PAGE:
Republican legislators want big changes to the laws for elections and other aspects of governance. A fight over the ground rules for voting may follow.
WASHINGTON — Led by loyalists who embrace former President Donald J. Trump’s baseless claims of a stolen election, Republicans in state legislatures nationwide are mounting extraordinary efforts to change the rules of voting and representation — and enhance their own political clout.
At the top of those efforts is a slew of bills raising new barriers to casting votes, particularly the mail ballots that Democrats flocked to in the 2020 election. But other measures go well beyond that, including tweaking Electoral College and judicial election rules for the benefit of Republicans; clamping down on citizen-led ballot initiatives; and outlawing private donations that provide resources for administering elections, which were crucial to the smooth November vote.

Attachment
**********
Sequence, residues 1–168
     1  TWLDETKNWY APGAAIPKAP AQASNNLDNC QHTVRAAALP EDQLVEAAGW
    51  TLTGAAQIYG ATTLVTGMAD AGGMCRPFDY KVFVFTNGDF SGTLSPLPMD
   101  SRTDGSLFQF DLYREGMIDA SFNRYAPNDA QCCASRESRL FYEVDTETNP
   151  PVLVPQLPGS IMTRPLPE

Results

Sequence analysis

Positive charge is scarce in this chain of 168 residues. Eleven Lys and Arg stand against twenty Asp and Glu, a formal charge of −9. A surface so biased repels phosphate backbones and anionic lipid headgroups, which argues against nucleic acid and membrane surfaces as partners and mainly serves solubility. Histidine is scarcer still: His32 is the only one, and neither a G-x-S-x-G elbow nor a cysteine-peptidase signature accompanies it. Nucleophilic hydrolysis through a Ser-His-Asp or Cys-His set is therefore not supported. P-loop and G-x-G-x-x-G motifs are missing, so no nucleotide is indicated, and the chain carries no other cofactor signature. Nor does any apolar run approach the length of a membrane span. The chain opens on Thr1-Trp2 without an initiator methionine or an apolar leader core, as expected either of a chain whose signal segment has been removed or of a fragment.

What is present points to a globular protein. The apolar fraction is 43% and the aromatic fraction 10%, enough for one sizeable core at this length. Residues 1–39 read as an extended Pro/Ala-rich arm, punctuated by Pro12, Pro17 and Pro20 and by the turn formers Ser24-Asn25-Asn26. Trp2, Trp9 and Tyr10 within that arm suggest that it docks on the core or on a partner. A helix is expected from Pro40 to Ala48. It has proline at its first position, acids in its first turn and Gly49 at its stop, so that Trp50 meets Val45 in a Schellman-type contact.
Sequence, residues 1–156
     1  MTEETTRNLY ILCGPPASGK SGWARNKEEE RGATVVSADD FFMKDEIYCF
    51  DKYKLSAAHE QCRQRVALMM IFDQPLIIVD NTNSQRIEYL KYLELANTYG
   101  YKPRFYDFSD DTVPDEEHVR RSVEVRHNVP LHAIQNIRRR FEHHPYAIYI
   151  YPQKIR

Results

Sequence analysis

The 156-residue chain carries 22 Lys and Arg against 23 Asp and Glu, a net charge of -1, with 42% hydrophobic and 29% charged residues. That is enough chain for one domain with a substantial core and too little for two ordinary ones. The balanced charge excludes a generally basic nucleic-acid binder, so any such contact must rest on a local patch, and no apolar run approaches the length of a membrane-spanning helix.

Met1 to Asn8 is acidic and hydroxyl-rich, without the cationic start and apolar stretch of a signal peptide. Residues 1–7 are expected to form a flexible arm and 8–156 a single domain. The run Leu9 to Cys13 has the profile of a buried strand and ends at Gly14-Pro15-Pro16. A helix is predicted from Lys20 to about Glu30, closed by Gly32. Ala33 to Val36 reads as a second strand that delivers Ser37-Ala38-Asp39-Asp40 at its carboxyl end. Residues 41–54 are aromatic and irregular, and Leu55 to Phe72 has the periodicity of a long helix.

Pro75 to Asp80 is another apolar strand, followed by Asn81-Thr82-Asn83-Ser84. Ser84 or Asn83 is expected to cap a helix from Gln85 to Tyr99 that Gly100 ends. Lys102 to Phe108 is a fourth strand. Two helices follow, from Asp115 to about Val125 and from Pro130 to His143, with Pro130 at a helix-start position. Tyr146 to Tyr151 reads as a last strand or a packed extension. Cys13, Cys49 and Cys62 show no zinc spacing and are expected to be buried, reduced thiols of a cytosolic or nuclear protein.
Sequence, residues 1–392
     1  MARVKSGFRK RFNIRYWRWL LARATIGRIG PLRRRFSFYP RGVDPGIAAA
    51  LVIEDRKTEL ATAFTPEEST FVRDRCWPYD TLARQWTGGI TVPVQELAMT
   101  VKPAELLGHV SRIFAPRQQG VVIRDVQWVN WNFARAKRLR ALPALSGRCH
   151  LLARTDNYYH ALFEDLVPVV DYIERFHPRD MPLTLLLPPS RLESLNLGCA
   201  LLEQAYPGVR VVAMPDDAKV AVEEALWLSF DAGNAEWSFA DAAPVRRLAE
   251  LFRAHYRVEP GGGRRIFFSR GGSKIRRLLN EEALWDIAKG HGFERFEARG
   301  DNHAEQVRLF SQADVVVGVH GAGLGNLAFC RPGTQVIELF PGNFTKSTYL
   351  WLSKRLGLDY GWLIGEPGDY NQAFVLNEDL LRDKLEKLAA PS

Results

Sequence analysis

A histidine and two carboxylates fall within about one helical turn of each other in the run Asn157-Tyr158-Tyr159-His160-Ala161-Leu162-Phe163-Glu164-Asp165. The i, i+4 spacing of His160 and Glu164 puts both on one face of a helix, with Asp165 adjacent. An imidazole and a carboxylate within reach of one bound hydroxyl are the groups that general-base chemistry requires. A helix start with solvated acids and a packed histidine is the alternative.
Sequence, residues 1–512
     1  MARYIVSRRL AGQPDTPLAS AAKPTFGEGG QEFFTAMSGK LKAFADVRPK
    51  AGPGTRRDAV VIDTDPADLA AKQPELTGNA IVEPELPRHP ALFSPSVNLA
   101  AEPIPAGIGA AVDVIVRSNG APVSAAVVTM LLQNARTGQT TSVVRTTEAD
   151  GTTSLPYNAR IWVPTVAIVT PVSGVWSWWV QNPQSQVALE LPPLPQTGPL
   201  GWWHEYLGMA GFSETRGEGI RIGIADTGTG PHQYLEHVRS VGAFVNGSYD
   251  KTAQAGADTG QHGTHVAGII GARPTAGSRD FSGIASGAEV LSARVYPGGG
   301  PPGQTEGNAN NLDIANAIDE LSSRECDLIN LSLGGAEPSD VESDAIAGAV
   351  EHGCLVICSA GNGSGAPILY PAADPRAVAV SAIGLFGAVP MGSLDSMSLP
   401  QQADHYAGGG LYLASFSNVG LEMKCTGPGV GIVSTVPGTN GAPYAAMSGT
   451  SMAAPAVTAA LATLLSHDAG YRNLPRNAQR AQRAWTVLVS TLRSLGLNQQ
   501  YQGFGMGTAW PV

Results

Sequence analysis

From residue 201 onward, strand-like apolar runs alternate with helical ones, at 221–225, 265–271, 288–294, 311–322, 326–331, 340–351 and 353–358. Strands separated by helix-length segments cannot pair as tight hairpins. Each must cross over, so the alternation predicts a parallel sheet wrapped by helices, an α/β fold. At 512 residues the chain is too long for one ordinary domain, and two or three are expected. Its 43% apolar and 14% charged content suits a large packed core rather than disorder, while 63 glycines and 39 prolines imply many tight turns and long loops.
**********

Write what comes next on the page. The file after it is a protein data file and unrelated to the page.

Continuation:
And although the decennial redrawing of political maps has been pushed to the fall because of delays in delivering 2020 census totals, there are already signs of an aggressive drive to further gerrymander political districts, particularly in states under complete Republican control.
The national Republican Party joined the movement this past week by setting up a Committee on Election Integrity to scrutinize state election laws, echoing similar moves by Republicans in a number of state legislatures.
Republicans have long thought — sometimes quietly, occasionally out loud — that large turnouts, particularly in urban areas, favor Democrats, and that Republicans benefit when fewer people vote. But politicians and scholars alike say that this moment feels like a dangerous plunge into uncharted waters.